Reducing Microphone Artefacts in Live Sound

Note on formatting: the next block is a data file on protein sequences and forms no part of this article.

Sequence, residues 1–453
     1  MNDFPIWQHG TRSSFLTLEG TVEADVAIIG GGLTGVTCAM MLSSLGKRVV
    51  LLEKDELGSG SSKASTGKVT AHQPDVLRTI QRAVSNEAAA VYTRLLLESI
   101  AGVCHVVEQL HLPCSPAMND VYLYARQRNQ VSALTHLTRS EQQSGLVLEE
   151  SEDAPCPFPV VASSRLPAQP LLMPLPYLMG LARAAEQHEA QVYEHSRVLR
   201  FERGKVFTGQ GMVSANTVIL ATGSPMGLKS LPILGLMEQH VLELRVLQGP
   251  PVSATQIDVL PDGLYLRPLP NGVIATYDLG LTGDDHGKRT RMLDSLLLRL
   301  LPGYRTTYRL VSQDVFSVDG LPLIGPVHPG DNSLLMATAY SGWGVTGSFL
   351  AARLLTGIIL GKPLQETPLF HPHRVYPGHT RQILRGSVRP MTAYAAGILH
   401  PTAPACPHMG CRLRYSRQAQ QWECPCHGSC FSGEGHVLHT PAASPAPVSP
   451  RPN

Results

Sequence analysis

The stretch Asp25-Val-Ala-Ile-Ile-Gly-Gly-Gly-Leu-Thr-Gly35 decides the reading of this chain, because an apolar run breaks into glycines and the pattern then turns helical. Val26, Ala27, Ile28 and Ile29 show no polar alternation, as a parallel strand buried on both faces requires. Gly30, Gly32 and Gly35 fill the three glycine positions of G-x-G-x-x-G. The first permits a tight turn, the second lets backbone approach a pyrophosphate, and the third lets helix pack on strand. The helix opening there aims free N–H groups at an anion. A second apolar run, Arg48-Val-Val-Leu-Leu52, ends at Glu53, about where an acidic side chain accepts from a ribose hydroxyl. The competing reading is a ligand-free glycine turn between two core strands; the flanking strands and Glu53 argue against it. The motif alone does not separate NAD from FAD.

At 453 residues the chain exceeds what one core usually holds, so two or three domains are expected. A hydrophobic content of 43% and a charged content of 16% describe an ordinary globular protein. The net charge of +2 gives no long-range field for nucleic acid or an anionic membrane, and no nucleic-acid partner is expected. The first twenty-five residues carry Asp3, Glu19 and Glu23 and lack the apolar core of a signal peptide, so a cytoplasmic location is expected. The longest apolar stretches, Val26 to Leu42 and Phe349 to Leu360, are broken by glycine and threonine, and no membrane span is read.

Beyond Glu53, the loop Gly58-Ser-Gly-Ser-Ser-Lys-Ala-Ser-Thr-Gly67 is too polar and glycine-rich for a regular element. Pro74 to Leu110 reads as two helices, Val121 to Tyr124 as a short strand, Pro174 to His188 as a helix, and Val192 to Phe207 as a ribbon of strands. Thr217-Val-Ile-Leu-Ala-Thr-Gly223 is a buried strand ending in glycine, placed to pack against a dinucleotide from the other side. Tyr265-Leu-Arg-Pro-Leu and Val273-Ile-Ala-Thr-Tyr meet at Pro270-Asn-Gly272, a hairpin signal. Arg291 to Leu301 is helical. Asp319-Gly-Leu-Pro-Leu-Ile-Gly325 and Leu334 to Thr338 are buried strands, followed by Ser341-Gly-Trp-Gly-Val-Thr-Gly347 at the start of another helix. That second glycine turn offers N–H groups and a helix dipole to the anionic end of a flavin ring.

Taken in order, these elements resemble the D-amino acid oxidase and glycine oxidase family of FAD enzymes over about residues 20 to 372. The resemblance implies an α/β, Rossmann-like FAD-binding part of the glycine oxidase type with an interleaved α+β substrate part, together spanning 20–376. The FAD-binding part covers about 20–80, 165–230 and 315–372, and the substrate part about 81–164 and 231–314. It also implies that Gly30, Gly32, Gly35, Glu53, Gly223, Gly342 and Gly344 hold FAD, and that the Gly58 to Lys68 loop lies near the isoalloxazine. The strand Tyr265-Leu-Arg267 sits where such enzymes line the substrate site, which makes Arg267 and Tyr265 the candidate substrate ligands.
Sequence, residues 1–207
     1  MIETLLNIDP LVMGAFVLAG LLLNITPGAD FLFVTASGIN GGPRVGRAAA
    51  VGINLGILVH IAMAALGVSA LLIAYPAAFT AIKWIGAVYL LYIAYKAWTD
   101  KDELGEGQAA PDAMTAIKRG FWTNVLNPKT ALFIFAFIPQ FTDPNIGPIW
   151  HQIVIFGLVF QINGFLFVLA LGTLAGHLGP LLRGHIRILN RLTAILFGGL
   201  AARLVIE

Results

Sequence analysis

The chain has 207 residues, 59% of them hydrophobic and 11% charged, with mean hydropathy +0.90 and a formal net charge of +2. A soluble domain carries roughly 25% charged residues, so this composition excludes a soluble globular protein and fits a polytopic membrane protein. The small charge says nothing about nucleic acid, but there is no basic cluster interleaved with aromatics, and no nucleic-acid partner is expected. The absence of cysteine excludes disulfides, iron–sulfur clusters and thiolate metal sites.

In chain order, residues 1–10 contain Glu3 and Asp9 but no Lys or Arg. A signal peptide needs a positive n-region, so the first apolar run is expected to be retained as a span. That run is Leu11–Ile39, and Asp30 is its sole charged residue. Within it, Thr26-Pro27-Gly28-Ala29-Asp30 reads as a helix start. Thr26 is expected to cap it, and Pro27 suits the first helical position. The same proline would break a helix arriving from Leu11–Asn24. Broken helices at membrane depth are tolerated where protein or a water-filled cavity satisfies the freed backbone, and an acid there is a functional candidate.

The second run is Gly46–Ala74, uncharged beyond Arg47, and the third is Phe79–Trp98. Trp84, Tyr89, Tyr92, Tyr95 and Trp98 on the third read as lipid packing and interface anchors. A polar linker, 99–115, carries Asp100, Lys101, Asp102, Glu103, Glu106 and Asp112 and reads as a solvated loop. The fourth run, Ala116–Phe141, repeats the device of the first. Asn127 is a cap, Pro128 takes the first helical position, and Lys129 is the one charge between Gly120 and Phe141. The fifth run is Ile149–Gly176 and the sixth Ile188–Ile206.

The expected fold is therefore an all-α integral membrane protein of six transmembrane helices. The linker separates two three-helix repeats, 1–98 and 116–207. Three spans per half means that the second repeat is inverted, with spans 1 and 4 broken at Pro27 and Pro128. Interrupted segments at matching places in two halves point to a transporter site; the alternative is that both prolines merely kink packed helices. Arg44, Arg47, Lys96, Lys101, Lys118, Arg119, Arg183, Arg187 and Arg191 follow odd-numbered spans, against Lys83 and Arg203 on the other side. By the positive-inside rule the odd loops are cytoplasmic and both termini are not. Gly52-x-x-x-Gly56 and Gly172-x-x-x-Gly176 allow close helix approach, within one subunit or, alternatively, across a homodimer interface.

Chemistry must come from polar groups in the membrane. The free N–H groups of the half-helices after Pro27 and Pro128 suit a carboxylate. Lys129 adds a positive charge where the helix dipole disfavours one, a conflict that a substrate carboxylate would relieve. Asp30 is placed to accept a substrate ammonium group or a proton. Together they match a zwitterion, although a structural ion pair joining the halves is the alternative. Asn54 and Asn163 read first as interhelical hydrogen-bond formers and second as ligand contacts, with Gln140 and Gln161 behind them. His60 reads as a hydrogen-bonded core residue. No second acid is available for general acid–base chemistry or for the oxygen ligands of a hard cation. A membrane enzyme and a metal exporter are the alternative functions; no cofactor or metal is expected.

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This thesis presents research into reducing microphone artefacts in live sound with no prior knowledge of the sources or microphones. Microphone artefacts are defined as additional sounds or distortions that occur on a microphone signal that are often undesired. We focus on the proximity effect, comb filtering and microphone bleed. In each case we present a method that either automatically implements human sound engineering techniques or we present a novel method that makes use of audio signal processing techniques that goes beyond the skills of a sound engineer. By doing this we can show that a higher quality mix of a live performance can be achieved. Firstly we investigate the proximity effect which occurs on directional microphones. We present a method for detecting the proximity effect with no prior knowledge of the source to microphone distance. This then leads to a method for reducing the proximity effect which employs a dynamic filter informed by audio analysis. Comb filtering occurs when the output of microphones reproducing the same source are mixed together. We present a novel analysis of how the accuracy of a technique to automatically estimate the correct delay of the source between each microphone is affected by source bandwidth and the windowing function applied to the data. We then present a method for reducing microphone bleed in the multiple source, multiple microphone case, both in determined and overdetermined configurations. The proposed method is extended from prior research in noise cancellation, which has not previously been applied to musical sound sources. We then present a method for simulating microphone bleed in synthesised drum recordings, where bleed enhances the realism of the output. Through subjective listening tests and objective measures each proposed method is shown to succeed at reducing the microphone artefacts while preserving the original sound source.
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